And don’t forget, a decent education to begin with, is the result of the foundation laid for by the PAP, through more than 50 years of proven track record.

Yes, the PAP is not perfect. It even acknowledges that.

However, which government doesn’t make mistakes? And which other government in the world can make a small island state, expelled from a federation, punch way above its weight in regional and international affairs? And this is no hypothetical question.

Should we be voting for the opposition, for so-called democracy and for less tangible gains, while all over the world, democracies are also in trouble, and real competition is heating up?

Therefore, I don’t buy the argument that the presence of opposition enables constructive competition.

Sure, we don’t want to emulate those types of democracy where it is all a mess. But can it not be possible that the presence of PAP is the compromise between a democratic and authoritarian state?

Think about this: Is this the time to push for democratic change without any of the negative trade-offs? Can we afford this, when nations, particularly in our region, are becoming more practical, more competitive, when our immediate neighbours, with their natural resources and vast markets at command, are fast catching up?

It is economic growth that holds Singapore together, that ensures we have a say in ASEAN and beyond. In the dog-eat-dog world of international politics, poor beggars will be ripped to shreds.

Are we abandoning what is done, for what ought to be done? To this, Machiavelli had this to say: “He who abandons what is done for what should be done, will rather bring about his own ruin than his preservation”.

We should be mindful that Singapore’s economy is based on international trade and the free flow of capital. And international capital is easily spooked. Investor darling one day, pariah the next.

And increasingly, alternative options are multiplying in the investment horizon in emerging, growth markets.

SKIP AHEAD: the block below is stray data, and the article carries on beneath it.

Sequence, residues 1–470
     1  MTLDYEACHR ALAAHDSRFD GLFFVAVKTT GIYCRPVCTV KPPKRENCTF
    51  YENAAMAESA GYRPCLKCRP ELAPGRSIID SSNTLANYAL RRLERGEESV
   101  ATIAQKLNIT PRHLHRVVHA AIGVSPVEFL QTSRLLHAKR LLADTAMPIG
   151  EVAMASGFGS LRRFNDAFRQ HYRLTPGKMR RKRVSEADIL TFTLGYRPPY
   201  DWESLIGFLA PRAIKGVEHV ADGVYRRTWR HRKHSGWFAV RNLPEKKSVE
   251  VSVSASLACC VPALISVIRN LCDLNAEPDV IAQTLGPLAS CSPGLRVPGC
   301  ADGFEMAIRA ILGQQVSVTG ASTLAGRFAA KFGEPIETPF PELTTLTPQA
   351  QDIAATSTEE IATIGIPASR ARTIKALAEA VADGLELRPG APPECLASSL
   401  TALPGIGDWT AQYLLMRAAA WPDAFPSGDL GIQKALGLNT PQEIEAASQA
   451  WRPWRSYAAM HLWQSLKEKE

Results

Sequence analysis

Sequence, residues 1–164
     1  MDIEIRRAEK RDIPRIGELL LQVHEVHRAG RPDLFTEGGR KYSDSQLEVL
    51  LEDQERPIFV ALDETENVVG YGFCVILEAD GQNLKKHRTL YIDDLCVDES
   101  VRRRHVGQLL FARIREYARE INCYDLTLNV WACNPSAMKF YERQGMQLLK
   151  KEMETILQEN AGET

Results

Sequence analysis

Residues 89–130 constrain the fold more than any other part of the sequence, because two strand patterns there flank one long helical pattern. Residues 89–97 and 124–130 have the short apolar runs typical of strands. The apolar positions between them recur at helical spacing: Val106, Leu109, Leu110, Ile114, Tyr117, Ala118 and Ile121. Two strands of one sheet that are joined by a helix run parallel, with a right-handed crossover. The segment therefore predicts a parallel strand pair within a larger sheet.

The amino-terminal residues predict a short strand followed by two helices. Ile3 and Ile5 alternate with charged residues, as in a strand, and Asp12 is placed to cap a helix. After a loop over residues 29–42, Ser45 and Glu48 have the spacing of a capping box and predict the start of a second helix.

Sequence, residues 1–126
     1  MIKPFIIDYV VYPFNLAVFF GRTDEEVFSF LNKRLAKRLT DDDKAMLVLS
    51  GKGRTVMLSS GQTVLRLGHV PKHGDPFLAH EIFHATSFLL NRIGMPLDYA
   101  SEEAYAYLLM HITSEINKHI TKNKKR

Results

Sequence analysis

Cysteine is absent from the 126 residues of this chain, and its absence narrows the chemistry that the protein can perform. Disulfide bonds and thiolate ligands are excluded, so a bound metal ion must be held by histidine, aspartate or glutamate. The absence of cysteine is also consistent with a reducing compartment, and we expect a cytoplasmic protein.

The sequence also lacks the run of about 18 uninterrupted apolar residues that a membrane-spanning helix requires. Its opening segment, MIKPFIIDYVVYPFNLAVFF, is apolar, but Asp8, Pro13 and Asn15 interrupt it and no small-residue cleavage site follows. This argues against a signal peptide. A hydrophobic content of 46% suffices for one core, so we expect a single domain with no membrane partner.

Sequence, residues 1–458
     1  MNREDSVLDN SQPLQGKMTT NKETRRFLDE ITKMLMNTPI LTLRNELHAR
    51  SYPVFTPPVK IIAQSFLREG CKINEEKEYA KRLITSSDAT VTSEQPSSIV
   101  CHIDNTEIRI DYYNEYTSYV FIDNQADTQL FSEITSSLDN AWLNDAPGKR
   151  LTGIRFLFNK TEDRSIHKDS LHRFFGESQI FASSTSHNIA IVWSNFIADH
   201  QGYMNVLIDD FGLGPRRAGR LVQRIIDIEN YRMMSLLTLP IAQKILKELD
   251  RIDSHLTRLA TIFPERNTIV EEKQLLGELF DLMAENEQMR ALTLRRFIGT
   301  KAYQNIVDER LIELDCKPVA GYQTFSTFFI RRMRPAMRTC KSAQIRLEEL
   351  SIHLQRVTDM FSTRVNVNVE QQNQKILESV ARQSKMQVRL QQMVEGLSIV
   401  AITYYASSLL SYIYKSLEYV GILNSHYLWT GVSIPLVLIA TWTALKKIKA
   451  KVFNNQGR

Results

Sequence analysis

We are sailing into uncharted seas, and to this, you need a single-minded determination – the captain that you can trust, the captain with the best proven track record.

We are all familiar by now about this driver/pilot analogy, but to be fair, let us hope that the co-navigator will attempt to provide constructive feedback and advice, instead of attempting to undermine the captain’s decisions at every chance, or God forbid, try to wrest the ship’s wheel.

Let us hope the opposition will be able to step up to the task, what more in a small, swift ship in a sea plied with much bigger vessels than ours, braving the storm, and some of these heeling.

Should not a small ship in turbulent seas be more pragmatic? Let us not forget that it is economic growth that holds Singapore together, that ensures we have a say in ASEAN and beyond. In the dog-eat-dog world of international politics, poor beggars will be ripped to shreds.

Detractors say that there is a need for “heartware”, beyond sheer hardware. This is another fair point.

But then again, take a look at today’s papers – not the Straits Times, for the skeptics – and you will notice countries with “soft power” reserves, which are enjoying life, are getting a massive reality check.

The Europeans are waking up to the fact that their lifestyle is not sustainable.

Even the Americans are facing up to the end of hegemony and a new, multi-polar, competitive world order.

Countries with “hard power” reserves and huge resources and markets are the ones delivering the goods. The era of small economies rapidly developing based on trade is over. From the old development “formula“ of Taiwan, Singapore, Hong Kong, and South Korea, now comes the aptly named BRICs – Brazil, Russia, India, China, and add to that, Indonesia.

The million dollar question remains – will the opposition ensure better governance, and better management? Let us hope so. To be fair, the debate about Singapore needing soulfulness is a perfectly good one, but above that, one is faced with the reality that continued economic performance and growth in a competitive world is what is needed to sustain this small island republic, and its already high living standards.

These are the issues that make an immediate impact on everyone’s daily lives.

Put simply, results feed people. This election, if nothing else, is a healthy injection of realpolitik.

Put simply, realistic politics.

Not the airy-fairy stuff that makes someone teary-eyed but nothing more.

Deliver the results; deliver us across these uncharted seas. For there be economic and political dragons, not ideological fancies. Let us hope the opposition does serve this function, if nothing else.